The robber took the thick wallet in a frenzy. He was so excited for his loot that his greediness got the better of him.

“The watch, too,” he said, thrusting the sharp instrument toward Jane.

“Don’t harm us,” Andy requested, handing over the gold watch he owed since he was in high school. Even though it has a sentimental value, he parted with it with a heavy heart.

Running steps could be heard coming their way.

“Thank you, suckers!” the robber shouted as he sprinted toward an alley. His run became quicker when stray dogs decided that he earned to be bitten.

Andy and Jane hastily ran forward, escaping the questions of the oncoming deputized patrolmen. It was an uncommon action of victims but the aggravation of going to the station to file a complaint case could take more time than necessary. Besides, almost everyone accepted the fact that criminals were not apprehended for a long time.

– o –

Roger slumped on the side of an abandoned warehouse. His morning adventure could be considered as one of his most memorable in his criminal history.

He smiled wryly about the whole episode. Eluding the dogs after climbing the cyclone fence forced him to jump the other side. Sadly, his legs scraped the barbed wire atop the fence, landing on a wooden box which he thought was hollow but filled with empty bottles. He was fortunate the broken glasses did not lacerate his feet.

If that was not enough, he skidded on a pool of discarded used oil which he initially guessed as dirty water. Luckily, when he fell down, he missed injuring his face within inches from a stockpile of wooden planks stuck with protruding rusty nails.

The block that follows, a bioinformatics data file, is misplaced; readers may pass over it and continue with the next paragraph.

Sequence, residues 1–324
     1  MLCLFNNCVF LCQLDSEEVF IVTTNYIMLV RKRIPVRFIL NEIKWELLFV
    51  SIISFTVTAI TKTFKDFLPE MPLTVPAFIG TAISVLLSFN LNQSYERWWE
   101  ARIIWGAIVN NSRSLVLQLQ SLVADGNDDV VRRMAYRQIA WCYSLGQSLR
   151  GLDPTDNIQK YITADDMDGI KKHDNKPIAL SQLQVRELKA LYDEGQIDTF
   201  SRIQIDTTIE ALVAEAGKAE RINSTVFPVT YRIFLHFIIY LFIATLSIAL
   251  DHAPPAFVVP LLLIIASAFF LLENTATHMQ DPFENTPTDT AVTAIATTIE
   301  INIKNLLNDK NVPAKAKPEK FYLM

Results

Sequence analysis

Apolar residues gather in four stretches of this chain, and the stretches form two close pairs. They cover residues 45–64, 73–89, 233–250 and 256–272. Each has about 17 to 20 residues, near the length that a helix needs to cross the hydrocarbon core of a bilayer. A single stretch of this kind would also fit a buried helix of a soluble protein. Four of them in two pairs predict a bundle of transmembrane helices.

After counting his blessings, he decided to count the contents of his loot.

The wallet was made from cheap leather but more importantly, it was thickened by crisp bills.

Roger began to plan what to buy when he noticed an irregularity. At closer inspection, what were supposed to be crisp currencies, the other sides had no prints.

“Nooooooooo!” he yelled in utter dismay. “Damn you!”

His nervousness grew when the watch he thought of as expensive was now also suspect. He raised it to his right ear to listen to the sound of money ticking. There was none.

He threw it to the concrete wall with great force that it shattered into so many pieces. It was worthless anyway with the hour arm missing, perhaps a long time ago.

Roger could only punch his head for being a fool. He was the real sucker.

(to be continued)

BLOGGING   LIFE/STYLES   MY STORIES   WHISPER   ZONE

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12 thoughts on “Simple Lives (3)

  1. I would like to say I love your blog and the wonderful and beautiful things you share as well as the inspiration and smiles you bring in doing so! Thank you for being you and I hope even if you do not accept awards you will accept the sentiment expressed as I honor you with one. There is no prize that comes with the award other than my appreciation and being grateful you are part of our world and making a difference by sharing in such a positive way…
    I have posted the award and link to it here I hope you will accept it or at least the sentiment behind it! http://artisticlyxpressedthoughts.wordpress.com/2014/03/27/awards-and-shared-gifts/

    With love,
    Joe

    1. I do appreciate your generosity. I always accept the gifts from fellow bloggers. 🙂
      Thank you for the nomination. I’ll check it out a bit later.
      Blessings,
      belsbror